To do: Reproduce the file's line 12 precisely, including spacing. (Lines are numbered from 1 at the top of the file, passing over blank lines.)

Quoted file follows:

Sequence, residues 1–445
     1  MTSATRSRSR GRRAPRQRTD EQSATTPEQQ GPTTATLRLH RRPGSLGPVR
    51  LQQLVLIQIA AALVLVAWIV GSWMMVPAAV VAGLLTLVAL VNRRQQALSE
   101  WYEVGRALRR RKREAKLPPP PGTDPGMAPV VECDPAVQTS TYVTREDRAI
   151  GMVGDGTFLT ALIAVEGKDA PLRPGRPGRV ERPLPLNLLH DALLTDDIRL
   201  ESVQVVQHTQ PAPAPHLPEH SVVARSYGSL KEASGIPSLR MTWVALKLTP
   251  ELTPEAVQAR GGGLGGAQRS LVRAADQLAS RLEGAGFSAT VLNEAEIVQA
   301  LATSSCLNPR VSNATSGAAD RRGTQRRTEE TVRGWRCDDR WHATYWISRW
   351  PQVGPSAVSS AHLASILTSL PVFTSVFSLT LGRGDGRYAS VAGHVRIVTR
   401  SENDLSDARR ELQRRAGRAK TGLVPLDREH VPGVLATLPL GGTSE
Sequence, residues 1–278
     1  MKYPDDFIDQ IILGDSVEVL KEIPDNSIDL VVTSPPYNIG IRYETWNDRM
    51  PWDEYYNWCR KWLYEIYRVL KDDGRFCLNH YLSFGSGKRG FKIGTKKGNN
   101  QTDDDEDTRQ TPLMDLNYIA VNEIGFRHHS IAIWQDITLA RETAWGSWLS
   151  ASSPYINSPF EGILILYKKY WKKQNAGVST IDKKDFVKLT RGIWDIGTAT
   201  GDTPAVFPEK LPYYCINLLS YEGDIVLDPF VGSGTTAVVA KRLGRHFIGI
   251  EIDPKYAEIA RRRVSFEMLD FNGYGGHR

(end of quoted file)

     1  MKYPDDFIDQ IILGDSVEVL KEIPDNSIDL VVTSPPYNIG IRYETWNDRM